Does it live up to the bad reviews?
I will give a spoiler warning for the following, but really, I think we all know how it ends.
The Haunting Of Sharon Tate released in April 2019, months before the 50th anniversary of the grisly murders of Sharon Tate (Hilary Duff) and her friends in her California home on August 8th 1969. Having a read of the reviews regarding this film, it’s almost a unanimous opinion that this film should have just never been made. Directed and written by Daniel Farrands, this home invasion horror attempts to offer an alternate ending to a real life tragedy, giving the victims the chance to ‘rise up and take their power back’. Based on a quote from a real life interview with Tate from 1968 regarding a nightmare she had that in hindsight seems to preminise her death; the film centres on the 3 days leading up to her death where the young actress is plagued by nightmares of her and her friends’ impending murders.
Horror films that claim to be based on true events go one of two ways: they’re either so loosely based on real life people or events that it’s hardly worth mentioning but the writer was inspired nonetheless so feels a need to mention it to add a little extra edge. Or they tell the story as it happened, forming a much more informative, true crime piece than horror film. The Haunting Of Sharon Tate is… something else. In one of Sharon’s nightmares, the whole event plays out exactly as it did in real life in grotesque detail; including Tex Watson (Tyler Johnson) saying ‘I am the devil, and I am here to do the devil’s business’ in response to being asked who he was. Kudos needs to be given here for the attention to detail, but the rest of the film fails to follow any real facts. I understand that this was Farrands’ aim, but is that something any of us wanted to see? Thanks to her premonitions, Sharon and her friends Jay Sebring (Jonathan Bennett), Abigail Foster (Lydia Hearst), Wojciech Frykowsky (Pawel Szajda), and Steven Parent (Ryan Cargill) are able to escape their would be killers. However, it is then revealed that they are in fact ghosts, imagining an alternative version of events.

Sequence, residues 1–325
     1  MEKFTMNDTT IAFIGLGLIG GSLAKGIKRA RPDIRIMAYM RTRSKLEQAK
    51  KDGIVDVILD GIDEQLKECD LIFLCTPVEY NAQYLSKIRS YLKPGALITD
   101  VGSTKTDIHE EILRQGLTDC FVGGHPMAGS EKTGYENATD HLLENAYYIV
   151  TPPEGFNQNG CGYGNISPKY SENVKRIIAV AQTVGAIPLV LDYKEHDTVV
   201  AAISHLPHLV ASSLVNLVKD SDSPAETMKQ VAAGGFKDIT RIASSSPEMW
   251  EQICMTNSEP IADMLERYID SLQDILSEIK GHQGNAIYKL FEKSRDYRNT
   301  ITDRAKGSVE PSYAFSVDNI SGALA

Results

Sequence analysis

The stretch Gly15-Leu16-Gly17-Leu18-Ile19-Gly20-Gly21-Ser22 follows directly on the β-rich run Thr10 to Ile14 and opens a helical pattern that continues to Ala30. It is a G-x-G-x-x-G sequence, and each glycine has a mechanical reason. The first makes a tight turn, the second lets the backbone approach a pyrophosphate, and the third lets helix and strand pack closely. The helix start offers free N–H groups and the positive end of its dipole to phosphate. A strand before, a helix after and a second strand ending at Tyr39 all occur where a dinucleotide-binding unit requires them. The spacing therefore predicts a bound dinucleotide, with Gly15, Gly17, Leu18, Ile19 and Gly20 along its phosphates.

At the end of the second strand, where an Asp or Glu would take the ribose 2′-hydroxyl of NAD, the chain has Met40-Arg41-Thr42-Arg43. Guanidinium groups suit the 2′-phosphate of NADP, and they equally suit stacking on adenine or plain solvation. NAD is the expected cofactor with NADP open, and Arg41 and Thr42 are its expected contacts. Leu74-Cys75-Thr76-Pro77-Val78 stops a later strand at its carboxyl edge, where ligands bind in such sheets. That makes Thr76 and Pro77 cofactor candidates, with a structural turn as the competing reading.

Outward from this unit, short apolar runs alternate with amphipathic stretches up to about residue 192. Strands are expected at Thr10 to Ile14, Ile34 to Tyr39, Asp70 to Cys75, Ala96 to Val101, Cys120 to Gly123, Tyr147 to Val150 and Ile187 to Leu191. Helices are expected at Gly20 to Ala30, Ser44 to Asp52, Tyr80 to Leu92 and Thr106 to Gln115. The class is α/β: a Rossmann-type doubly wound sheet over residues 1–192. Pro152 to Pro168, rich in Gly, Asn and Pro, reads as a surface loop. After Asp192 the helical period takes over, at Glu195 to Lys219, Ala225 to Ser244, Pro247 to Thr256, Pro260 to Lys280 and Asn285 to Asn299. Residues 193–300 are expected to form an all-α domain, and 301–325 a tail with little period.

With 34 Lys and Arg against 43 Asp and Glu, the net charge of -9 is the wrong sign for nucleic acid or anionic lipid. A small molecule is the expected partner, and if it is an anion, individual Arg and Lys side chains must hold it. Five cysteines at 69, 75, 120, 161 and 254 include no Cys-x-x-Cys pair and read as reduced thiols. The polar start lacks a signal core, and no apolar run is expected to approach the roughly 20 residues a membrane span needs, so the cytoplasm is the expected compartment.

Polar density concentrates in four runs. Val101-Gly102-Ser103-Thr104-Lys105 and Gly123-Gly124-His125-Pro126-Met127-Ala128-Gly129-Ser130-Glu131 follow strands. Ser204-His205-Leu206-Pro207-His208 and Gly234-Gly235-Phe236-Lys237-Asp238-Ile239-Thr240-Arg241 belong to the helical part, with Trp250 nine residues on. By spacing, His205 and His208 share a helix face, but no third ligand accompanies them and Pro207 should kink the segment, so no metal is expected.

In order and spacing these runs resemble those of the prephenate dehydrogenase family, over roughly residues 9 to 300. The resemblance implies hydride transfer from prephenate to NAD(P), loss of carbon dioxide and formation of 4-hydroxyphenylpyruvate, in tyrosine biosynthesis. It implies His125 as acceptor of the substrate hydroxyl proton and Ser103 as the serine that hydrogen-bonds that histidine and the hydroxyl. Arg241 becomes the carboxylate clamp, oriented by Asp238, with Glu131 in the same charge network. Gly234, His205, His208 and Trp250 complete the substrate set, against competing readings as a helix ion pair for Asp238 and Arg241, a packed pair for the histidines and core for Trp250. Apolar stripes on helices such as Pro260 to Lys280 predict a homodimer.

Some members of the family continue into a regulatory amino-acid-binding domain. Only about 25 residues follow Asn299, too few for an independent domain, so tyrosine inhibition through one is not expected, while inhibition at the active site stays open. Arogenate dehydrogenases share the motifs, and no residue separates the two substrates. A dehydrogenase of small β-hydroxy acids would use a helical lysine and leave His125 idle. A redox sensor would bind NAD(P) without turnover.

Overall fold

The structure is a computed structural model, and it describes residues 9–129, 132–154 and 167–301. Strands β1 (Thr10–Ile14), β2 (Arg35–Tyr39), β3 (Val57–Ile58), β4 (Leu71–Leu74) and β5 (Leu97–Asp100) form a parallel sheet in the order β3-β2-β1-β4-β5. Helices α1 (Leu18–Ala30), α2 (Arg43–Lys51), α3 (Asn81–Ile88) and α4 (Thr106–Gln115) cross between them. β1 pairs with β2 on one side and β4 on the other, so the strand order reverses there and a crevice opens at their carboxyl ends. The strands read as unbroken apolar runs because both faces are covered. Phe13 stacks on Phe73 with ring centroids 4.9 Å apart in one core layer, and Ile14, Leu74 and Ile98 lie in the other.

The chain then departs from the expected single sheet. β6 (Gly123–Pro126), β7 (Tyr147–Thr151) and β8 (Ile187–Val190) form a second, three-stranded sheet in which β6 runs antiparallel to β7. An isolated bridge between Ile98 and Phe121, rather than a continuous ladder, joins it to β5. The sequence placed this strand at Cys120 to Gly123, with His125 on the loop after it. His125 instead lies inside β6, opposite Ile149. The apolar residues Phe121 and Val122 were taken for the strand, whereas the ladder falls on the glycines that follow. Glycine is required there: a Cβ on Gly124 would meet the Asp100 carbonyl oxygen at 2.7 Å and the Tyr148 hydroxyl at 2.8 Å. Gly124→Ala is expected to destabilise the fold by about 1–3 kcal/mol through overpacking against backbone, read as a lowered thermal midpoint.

Despite receiving criticism, the acting isn’t terrible in this movie, Duff in particular portrays genuine fear and mania. The problem is that the actors were working with a script that is lacklustre, and a concept that is terrible at best. Considering it’s the summer of ’69, very little is done to set this scene with soundtrack, costumes, or hair. An interesting choice on the soundtrack however is the inclusion of Charles Manson’s ‘Cease To Exist’. Which in a film that Farrands is quoted as saying as being ‘in honour to the victims’ makes you think, is it? Or is it just sensationalising Charles Manson and his brood; once again adding to their notoriety and disregarding the real horror the victims faced?
This whole film just feels a little insensitive. I don’t feel Farrands necessarily intended it to be, but it’s also something he should have considered more carefully. These were real people, real victims, with real friends and families left behind. To technically victim blame, and change the narrative into a more fantastical driven one for entertainment value is disrespectful and unnecessary. This film being based so closely on something real creates discomfort, and leaves you with a bitter taste in your mouth.
Overall, I don’t recommend this film, and give it a rating of 1⭐. It’s disrespectful, exploitative drivel of a tragedy that has seen far too much exploitation and sensationalism, and just needs to be put to rest.